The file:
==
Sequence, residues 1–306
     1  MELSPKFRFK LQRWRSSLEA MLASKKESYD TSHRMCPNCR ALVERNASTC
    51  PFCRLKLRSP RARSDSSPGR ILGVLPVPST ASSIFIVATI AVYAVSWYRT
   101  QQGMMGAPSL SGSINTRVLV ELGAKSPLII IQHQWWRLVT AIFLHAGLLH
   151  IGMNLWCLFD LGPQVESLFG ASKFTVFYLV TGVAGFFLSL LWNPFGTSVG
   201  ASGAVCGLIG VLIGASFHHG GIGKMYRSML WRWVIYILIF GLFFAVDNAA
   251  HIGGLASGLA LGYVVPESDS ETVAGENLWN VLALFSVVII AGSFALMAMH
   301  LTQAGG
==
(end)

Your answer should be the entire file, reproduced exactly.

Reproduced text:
Sequence, residues 1–306
     1  MELSPKFRFK LQRWRSSLEA MLASKKESYD TSHRMCPNCR ALVERNASTC
    51  PFCRLKLRSP RARSDSSPGR ILGVLPVPST ASSIFIVATI AVYAVSWYRT
   101  QQGMMGAPSL SGSINTRVLV ELGAKSPLII IQHQWWRLVT AIFLHAGLLH
   151  IGMNLWCLFD LGPQVESLFG ASKFTVFYLV TGVAGFFLSL LWNPFGTSVG
   201  ASGAVCGLIG VLIGASFHHG GIGKMYRSML WRWVIYILIF GLFFAVDNAA
   251  HIGGLASGLA LGYVVPESDS ETVAGENLWN VLALFSVVII AGSFALMAMH
   301  LTQAGG